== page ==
AWS Architecture Blog

Use a City Planning Analogy to Visualize and Create your Cloud Architecture

If you are new to creating cloud architectures, you might find it a daunting undertaking. However, there is an approach that can help you define a cloud architecture pattern by using a similar construct. In this blog post, I will show you how to envision your cloud architecture using this structured and simplified approach.

Such an approach helps you to envision the architecture as a whole. You can then create reusable architecture patterns that can be used for scenarios with similar requirements. It also will help you define the more detailed technological requirements and interdependencies of the different architecture components.

First, I will briefly define what is meant by an architecture pattern and an architecture component.

Architecture pattern and components

An architecture pattern can be defined as a mechanism used to structure multiple functional components of a software or a technology solution to address predefined requirements. It can be characterized by use case and requirements, and should be tested and reusable whenever possible.

Architecture patterns can be composed of three main elements: the architecture components, the specific functions or capabilities of each component, and the connectivity among those components.

A component in the context of a technology solution architecture is a building block. Modular architecture is composed of a collection of these building blocks.

To think modularly, you must look at the overall technology solution. What is its intended function as a complete system? Then, break it down into smaller parts or components. Think about how each component communicates with others. Identify and define each block or component and its specific roles and function. Consider the technical operational responsibilities each is expected to deliver.

Cloud architecture patterns and the city planning analogy

Let’s assume a content marketing company wants to provide marketing analytics to its partners. It proposes a SaaS solution, by offering an analytics dashboard on Amazon Web Services (AWS). This company may offer the same solution in other locations in the future.

How would you create a reusable architecture pattern for such a solution? To simplify the concept of a component and the architecture pattern, let’s use city planning as a frame of reference.

Subarchitectures or components

A city can be imagined as consisting of three organizing contexts or components:

  1. Overall City Architecture (the big picture)
  2. District Architecture
  3. Building Architecture

Let’s define each of these components or subarchitectures, and see how they correlate to an enterprise cloud architecture.

I. City Architecture consists of the city structures and the integrations of services required by the population, see Figure 1.

Figure 1. Oversimplified city layout

Figure 1. Oversimplified city layout

The overall anticipated capacity within a certain period must be calculatedfor roads, sewage, water, electricity grids, and overall city layout. Typically, this structure should be built from the intended purpose or vision of the city. This can be the type of services it will offer, and the function of each district.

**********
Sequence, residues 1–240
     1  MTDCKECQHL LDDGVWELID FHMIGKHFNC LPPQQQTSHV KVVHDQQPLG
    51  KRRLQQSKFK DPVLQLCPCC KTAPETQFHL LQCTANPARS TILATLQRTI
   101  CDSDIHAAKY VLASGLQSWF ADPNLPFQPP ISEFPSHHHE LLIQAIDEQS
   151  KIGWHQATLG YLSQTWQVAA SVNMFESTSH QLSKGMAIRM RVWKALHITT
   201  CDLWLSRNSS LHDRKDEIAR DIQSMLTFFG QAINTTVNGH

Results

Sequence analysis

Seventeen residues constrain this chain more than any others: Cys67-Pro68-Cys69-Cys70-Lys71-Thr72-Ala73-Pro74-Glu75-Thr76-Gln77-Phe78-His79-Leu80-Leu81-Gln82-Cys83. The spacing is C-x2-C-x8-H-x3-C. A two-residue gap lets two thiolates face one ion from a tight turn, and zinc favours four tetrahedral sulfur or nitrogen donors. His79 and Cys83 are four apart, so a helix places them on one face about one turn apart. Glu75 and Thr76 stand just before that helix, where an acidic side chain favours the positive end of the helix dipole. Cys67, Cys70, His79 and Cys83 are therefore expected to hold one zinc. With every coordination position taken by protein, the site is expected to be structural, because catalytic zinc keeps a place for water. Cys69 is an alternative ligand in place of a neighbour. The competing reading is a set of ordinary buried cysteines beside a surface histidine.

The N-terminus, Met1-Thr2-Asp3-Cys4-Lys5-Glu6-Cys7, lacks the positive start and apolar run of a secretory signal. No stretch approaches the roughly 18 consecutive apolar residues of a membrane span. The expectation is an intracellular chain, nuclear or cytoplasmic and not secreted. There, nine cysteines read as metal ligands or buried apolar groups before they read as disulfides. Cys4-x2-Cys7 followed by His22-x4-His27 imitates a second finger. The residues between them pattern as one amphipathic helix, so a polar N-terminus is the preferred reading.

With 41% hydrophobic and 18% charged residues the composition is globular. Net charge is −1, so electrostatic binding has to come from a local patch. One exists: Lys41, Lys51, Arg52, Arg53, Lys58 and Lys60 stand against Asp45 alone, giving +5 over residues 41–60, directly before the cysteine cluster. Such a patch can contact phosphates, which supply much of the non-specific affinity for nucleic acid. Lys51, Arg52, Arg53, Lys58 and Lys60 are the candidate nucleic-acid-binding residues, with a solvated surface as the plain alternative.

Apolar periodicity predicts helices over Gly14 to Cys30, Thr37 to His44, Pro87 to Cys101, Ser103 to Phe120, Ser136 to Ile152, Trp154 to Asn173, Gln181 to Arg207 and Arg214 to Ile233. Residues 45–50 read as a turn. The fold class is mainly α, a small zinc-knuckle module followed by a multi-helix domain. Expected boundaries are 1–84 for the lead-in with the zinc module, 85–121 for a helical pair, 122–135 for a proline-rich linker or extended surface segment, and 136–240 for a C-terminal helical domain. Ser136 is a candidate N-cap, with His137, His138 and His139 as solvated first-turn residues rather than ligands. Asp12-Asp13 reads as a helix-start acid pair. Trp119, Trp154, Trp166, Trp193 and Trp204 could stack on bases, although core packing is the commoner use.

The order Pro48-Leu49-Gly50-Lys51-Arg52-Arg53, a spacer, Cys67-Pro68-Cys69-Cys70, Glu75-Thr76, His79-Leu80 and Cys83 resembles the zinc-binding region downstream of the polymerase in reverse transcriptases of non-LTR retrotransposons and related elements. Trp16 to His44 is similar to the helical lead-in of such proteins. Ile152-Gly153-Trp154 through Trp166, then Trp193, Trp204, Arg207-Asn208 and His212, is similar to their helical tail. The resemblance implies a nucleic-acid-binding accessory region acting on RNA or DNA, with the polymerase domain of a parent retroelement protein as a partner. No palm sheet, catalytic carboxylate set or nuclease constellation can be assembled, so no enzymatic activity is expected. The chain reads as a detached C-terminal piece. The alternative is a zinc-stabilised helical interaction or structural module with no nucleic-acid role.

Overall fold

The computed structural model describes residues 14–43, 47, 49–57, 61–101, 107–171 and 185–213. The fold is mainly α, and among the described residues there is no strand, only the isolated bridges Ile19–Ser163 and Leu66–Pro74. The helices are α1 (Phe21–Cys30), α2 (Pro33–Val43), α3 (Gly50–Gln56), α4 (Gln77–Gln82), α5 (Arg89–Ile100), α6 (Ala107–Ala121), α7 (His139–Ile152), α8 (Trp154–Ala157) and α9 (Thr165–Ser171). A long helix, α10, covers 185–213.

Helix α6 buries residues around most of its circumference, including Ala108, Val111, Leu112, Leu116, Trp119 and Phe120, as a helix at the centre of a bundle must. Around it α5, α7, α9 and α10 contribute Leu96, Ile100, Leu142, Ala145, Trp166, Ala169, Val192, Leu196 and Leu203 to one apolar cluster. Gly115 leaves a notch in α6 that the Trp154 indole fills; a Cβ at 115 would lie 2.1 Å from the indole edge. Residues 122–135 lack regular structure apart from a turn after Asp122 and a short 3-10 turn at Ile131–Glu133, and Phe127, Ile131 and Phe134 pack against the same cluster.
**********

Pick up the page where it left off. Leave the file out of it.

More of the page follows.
Think of City Architecture as the overall cloud architecture for your enterprise. Include the anticipated capacity, the layout (single Region, multi-Region), type, and number of Amazon Virtual Private Cloud (VPC)s. Decide how you will connect and integrate all these different architecture components.

The initial workflow that can be used to define the high-level architecture pattern layout of the SaaS solution example is analogous to the overall city architecture. We can define its three primary elements: architecture components, specific functions of each component, and the connectivity among those components.

  1. Production environment. The front and backend of your application. It provides the marketing data analytics dashboard.
  2. Testing and development environment. A replica of, but isolated from the Production app. Users’ traffic doesn’t pass through security inspection layer.
  3. Security layer. Provides perimeter security inspection. Users’ traffic passes through security inspection layer.

Translating this workflow into an AWS architecture, Figure 2 shows the analogous structure.

  • Single AWS Region (to be offered in a specific geographical area)
  • Amazon VPC to host the production application
  • Amazon VPC to host the test/dev application
  • Separate VPC (or a layer within a VPC) to provide security services for perimeter security inspection
  • Customer’s connectivity (for example, over public internet, or VPN)
  • AWS Transit Gateway (TGW) to connect and isolate the different components (VPCs and VPN)
Figure 2. Architecture pattern (high-level layout)

Figure 2. Architecture pattern (high-level layout)

Domain-driven design

At this stage, you may also consider a domain-driven design (DDD). This is an approach to software development that centers on a domain model. With your DDD, you can break the solution into different bounded contexts. You can translate the business functions/capabilities into logical domains, and then define how they communicate.